Investigation on Player and Virtual Environment Interaction

Conference paper
Part of the Lecture Notes in Computer Science book series (LNCS, volume 8853)


The paper introduces an investigation on player and virtual environment interaction. A computer game (spaceship navigation through randomly flying asteroids) with different levels of difficulty was created in order to elicit and test human emotions when playing. Emotional responses (excitement, frustration, and engagement/boredom) to the computer game were recorded using Emotiv Epoc device. Spaceship manoeuvring speed and acceleration were included in the investigation as well. Significant relationships between some of the personality traits, emotional reactions and manoeuvring characteristics were found. Emotional responses were significantly increasing when the density of asteroids was increasing. Excitement and frustration signals showed correlations when gaming. Significant increase in manoeuvring speed and acceleration were observed after spaceship and asteroid collision. Positive correlations were found between extraversion and excitement during experiment. The gaming experience and manoeuvring acceleration was strongly negatively related when the difficulty of the game was lower and strongly positively related when it was higher.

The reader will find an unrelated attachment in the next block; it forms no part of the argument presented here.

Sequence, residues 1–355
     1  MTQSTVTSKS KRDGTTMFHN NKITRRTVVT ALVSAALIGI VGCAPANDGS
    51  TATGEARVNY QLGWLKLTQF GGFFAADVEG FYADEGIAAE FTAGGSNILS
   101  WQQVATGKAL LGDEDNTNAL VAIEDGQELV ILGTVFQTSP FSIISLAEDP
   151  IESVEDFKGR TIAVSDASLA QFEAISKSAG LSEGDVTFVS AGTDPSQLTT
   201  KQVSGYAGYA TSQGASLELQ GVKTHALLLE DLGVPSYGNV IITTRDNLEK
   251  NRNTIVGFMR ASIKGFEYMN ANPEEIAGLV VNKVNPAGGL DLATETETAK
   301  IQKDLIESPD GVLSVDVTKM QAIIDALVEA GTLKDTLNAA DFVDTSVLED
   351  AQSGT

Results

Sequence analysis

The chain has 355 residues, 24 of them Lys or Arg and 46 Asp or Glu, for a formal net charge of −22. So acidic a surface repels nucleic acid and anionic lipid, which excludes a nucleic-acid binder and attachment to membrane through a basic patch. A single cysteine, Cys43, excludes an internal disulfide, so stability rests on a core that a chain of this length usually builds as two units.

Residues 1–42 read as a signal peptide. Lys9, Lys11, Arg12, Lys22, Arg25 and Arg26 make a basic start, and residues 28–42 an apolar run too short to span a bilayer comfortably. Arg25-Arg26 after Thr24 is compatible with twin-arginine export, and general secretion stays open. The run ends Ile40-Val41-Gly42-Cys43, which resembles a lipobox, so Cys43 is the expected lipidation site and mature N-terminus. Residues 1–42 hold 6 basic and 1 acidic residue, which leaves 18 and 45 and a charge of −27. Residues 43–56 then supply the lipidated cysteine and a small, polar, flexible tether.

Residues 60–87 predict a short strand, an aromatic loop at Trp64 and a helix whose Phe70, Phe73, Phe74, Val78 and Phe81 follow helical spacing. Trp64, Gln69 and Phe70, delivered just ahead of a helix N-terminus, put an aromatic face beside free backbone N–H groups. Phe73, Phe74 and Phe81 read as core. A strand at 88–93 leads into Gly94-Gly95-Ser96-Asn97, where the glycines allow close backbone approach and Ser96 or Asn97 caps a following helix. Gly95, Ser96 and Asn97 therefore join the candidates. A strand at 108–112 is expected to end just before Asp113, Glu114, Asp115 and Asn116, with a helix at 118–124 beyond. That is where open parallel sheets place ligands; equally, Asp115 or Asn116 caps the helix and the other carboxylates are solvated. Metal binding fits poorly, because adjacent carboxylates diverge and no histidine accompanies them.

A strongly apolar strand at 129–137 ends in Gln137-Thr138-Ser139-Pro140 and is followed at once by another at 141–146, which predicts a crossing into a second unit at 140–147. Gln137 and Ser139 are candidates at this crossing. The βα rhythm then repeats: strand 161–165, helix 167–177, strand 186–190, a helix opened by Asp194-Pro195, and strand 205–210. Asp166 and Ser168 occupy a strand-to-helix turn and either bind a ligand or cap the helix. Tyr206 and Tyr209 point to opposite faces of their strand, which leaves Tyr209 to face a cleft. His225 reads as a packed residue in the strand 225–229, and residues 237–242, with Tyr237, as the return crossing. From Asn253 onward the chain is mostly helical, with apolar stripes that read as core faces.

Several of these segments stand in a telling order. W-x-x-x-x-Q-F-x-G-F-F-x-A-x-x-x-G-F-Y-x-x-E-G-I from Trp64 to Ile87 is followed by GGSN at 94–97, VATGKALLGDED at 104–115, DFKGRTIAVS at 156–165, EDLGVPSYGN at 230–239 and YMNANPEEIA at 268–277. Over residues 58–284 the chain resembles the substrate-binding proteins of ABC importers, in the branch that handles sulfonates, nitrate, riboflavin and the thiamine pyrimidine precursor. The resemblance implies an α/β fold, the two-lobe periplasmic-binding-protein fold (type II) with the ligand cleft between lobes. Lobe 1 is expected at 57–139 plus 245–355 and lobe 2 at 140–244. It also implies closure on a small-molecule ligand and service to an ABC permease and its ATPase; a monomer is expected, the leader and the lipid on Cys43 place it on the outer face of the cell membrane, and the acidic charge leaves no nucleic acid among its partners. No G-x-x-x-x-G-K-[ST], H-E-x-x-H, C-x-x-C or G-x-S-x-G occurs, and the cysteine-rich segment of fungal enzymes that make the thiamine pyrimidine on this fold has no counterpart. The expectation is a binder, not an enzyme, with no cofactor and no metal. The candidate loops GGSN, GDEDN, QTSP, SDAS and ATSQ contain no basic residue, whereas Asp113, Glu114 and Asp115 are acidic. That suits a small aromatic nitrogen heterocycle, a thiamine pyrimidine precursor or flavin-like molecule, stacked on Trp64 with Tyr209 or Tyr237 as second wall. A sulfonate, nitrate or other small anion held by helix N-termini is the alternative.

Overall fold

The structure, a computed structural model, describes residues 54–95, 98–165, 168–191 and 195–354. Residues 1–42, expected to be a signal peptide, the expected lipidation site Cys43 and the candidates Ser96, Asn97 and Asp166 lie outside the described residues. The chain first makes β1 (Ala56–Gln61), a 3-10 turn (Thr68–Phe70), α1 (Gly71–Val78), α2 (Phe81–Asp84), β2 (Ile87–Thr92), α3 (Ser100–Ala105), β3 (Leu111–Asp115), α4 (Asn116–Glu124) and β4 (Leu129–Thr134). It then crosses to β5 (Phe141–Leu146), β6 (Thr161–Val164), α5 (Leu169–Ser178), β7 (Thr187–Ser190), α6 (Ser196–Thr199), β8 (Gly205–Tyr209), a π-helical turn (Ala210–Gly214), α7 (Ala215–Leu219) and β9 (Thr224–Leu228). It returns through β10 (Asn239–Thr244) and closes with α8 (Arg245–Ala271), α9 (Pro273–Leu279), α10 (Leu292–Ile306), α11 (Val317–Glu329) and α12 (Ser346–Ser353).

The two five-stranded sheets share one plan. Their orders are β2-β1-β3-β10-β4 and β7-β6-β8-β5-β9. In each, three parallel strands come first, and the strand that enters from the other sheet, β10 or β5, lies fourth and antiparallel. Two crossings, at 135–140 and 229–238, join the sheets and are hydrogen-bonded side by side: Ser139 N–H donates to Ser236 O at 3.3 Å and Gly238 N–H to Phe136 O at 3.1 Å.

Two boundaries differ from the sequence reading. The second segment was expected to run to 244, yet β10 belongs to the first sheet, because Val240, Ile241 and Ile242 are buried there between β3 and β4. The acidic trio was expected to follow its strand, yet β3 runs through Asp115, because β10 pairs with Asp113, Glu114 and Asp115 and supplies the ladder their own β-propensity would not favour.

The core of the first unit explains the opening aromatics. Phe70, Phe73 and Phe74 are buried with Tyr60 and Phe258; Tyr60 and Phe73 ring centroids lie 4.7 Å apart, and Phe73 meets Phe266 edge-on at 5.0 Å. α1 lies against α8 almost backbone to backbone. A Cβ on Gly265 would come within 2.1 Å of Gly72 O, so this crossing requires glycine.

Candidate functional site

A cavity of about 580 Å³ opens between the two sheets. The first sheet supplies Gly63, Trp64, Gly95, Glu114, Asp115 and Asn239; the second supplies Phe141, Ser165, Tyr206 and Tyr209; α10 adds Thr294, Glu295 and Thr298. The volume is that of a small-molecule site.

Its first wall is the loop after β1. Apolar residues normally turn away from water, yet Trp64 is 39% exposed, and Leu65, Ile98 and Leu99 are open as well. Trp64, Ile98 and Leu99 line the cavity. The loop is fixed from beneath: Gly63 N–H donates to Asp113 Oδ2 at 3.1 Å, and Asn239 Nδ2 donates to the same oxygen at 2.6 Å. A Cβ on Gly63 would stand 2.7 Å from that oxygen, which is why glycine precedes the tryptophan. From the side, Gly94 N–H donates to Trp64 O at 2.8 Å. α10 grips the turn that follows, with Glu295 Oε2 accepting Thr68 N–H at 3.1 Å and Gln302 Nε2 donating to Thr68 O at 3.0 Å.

Virtual environment Computer game Emotions Personality Player’s affective state 


Unable to display preview. Download preview PDF.

Unable to display preview. Download preview PDF.


  1. 1.
    Wohn, D.Y., Wash, R.: A virtual Room with a cue: Detecting personality through spatial customization in a city simulation game. Computers in Human Behavior 29, 155–159 (2013)CrossRefGoogle Scholar
  2. 2.
    Ventura, M., Shute, V.: The validity of a game-based assessment of persistence. Computers in Human Behavior 29, 2568–2572 (2013)CrossRefGoogle Scholar
  3. 3.
    Homer, B.D., Hayward, E.O., Frye, J., Plass, J.L.: Gender and player characteristics in video game play of preadolescents. Computers in Human Behavior 28, 1782–1789 (2012)CrossRefGoogle Scholar
  4. 4.
    Tone, H.-J., Zhao, H.-R., Yan, W.-S.: The attraction of online games: An important factor for Internet Addiction. Computers in Human Behavior 30, 321–327 (2014)CrossRefGoogle Scholar
  5. 5.
    Khong, C.W., Ng, Y.Y., Thwaites, H.: A Review of Affective Design towards Video Games. Procedia – Social and Behavioral Sciences 51, 687–691 (2012)CrossRefGoogle Scholar
  6. 6.
    Fang, X., Zhao, F.: Personality and enjoyment of computer game play. Computers in Industry 61, 342–349 (2010)CrossRefGoogle Scholar
  7. 7.
    Shaker, N., Asteriadis, S., Yannakakis, G.N., Karpouzis, K.: A Game-Based Corpus for Analysing the Interplay between Game Context and Player Experience. In: D’Mello, S., Graesser, A., Schuller, B., Martin, J.-C. (eds.) ACII 2011, Part II. LNCS, vol. 6975, pp. 547–556. Springer, Heidelberg (2011)CrossRefGoogle Scholar
  8. 8.
    Holmgard, C., Yannakakis, G.N., Karstoft, K.-I., Andersen , H.S.: Stress Detection for PTSD via the StartleMart Game. In: Proc. of the 5th Bianual Humaine Association Conference on Affective Computing and Intelligent Interaction, pp. 523–528 (2013)Google Scholar
  9. 9.
    Gutica, M., Conati, C.: Student Emotions with an Edu-Game: A Detailed Analysis. In: Proc. of the 5th bianual Humaine Association Conference on Affective Computing and Intelligent Interaction, pp. 534–539 (2013)Google Scholar
  10. 10.